That phrase – the "court of public opinion" - may eventually be her political epitaph. Whilst it plays well to the gallery and is qualified by the caveat that "this is where the government steps in", it introduces a dangerous expectation of populism to the political debate, as well as a challenge to any and every slightly unpopular measure the government wishes to introduce.
What, for instance, has the court of public opinion to say on issues such as ID cards? The policing of photography? Phorm? Not to mention MP’s expenses and the recently discovered practice of "flipping". What, too, has it to say about those individuals who have reacted to the expenses row by hurling bricks through the window of their local MP's surgery?
It is, however, in the area of policing that on-going and deep damage is in the process of being done to respect for the law. This week we reported the case of Colin Port, Chief Constable of Avon and Somerset Police, who has gone public with his own populist rhetoric, proclaiming his willingness to go to prison before obeying a court order. Our own investigation suggests the matter is more complex than the simplistic "court sides with paedophile" spin provided by the Sun.
Yet even if it were not, there is a very serious issue of principle a stake here. Legal academics have long debated the point at which it is "right" to disobey the law. The usual response relates to the underlying "justness" of the law and whether or not an effective process exists whereby laws can be changed to reflect changing views. The issue is put most succinctly in "A Man for All Seasons" by Robert Bolt, in what has come to be regarded as the quintessential argument against the view that one ought to "cut a great road through the law to get after the Devil".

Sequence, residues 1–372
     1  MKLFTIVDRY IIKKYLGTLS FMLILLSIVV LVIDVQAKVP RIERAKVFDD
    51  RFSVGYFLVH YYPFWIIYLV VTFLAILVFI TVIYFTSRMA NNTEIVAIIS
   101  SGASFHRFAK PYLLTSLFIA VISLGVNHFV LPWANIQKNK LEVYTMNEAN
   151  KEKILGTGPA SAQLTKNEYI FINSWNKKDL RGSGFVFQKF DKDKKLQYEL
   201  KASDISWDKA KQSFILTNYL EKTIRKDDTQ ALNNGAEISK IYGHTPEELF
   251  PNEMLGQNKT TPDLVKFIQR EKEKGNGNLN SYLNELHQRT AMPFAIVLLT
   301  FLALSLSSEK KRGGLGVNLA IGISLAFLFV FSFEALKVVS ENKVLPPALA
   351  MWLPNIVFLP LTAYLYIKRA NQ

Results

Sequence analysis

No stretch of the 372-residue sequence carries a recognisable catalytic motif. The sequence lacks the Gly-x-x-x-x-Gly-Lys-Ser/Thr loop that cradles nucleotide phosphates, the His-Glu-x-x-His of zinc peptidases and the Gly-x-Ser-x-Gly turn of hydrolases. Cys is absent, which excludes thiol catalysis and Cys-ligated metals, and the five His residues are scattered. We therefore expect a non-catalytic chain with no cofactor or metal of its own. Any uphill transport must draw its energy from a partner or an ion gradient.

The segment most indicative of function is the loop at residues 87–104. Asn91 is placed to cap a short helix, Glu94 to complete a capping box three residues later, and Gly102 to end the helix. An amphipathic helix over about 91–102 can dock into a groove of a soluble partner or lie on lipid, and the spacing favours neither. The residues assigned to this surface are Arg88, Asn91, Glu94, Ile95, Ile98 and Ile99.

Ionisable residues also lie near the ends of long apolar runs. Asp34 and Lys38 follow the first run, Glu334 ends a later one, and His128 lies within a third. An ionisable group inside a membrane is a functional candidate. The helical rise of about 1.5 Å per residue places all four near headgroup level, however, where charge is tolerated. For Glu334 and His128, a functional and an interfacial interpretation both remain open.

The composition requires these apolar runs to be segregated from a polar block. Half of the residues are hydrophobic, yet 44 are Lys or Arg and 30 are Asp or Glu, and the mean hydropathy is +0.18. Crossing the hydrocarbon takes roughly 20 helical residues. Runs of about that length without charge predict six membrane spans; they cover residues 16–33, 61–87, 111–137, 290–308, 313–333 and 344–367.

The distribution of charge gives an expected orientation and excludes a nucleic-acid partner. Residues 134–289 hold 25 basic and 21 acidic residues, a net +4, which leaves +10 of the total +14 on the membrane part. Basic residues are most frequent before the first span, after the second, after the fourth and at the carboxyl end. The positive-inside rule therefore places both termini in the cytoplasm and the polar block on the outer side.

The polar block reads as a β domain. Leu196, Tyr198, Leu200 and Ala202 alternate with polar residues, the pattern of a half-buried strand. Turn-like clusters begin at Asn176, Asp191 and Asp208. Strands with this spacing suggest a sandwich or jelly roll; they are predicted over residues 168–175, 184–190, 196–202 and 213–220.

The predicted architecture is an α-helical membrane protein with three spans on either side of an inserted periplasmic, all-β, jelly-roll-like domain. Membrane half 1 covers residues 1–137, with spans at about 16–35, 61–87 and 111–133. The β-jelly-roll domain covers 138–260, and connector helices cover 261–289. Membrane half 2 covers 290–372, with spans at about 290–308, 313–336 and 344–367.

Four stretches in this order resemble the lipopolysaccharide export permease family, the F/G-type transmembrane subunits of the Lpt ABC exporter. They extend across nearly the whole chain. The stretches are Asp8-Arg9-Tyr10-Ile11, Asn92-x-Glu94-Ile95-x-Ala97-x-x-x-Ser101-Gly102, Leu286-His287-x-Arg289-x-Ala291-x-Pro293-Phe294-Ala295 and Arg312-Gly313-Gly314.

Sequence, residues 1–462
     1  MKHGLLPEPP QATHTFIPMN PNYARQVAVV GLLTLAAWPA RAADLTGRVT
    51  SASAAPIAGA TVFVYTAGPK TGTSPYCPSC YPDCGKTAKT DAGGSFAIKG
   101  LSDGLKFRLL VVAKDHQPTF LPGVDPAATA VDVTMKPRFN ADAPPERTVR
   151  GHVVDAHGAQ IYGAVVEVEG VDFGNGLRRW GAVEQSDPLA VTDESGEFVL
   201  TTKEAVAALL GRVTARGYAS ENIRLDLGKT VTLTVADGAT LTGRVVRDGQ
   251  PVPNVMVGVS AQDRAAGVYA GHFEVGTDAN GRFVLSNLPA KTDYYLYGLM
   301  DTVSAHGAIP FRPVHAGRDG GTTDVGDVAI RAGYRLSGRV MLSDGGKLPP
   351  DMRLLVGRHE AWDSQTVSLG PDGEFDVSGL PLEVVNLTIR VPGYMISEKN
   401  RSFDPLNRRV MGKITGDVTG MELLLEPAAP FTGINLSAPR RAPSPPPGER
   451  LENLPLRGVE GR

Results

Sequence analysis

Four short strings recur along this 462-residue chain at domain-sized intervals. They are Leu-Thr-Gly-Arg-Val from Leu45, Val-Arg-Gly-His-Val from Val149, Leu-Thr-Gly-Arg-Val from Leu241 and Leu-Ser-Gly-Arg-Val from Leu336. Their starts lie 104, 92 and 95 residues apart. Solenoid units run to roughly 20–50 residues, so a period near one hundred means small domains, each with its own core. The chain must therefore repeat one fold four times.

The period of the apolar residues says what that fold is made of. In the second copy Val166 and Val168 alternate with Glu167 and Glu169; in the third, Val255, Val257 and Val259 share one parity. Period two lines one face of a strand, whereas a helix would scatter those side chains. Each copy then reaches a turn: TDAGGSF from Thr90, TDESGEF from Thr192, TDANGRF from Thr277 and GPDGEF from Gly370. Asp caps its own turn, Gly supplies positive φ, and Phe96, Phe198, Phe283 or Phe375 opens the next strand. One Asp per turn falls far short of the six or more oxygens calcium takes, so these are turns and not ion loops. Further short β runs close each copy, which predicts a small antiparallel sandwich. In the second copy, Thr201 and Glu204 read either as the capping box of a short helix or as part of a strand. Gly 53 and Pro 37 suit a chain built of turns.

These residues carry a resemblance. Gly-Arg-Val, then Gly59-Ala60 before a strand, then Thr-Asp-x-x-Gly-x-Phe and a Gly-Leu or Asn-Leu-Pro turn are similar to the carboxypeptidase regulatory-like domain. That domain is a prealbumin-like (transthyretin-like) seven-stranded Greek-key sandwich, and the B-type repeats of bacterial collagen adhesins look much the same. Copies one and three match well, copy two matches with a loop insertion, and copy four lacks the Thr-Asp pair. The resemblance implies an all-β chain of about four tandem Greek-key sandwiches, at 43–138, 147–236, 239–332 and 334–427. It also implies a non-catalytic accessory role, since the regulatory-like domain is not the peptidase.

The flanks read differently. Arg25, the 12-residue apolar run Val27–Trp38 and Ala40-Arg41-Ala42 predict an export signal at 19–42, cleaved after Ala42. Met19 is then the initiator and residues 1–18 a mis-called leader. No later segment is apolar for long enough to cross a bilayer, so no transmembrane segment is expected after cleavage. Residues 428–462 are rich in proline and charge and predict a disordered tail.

To that, Sir Thomas More, the hero of the play, responds: "And when the last law was down, and the Devil turned 'round on you, where would you hide... the laws all being flat? This country is planted thick with laws, from coast to coast, Man's laws, not God's! And if you cut them down... do you really think you could stand upright in the winds that would blow then?"
If the Chief Constable has been outspoken in his defiance of the law, ordinary police officers have been bending it, occasionally breaking it, in ways that may evoke their own backlash. Breaking the law is always to be condemned, and wherever possible, should be dealt with through the legal system.
One problem in recent years has been a series of incidents, in which individual police officers appear to have committed sometimes serious offences – and no action has been taken: the apparent assault on an innocent passer-by at the G20 demonstration; the shooting of a Brazilian electrician (following a number of firearms incidents in which there is a perception in some quarters that the police have shot too soon); or the simple unlawful removal of equipment from photographers.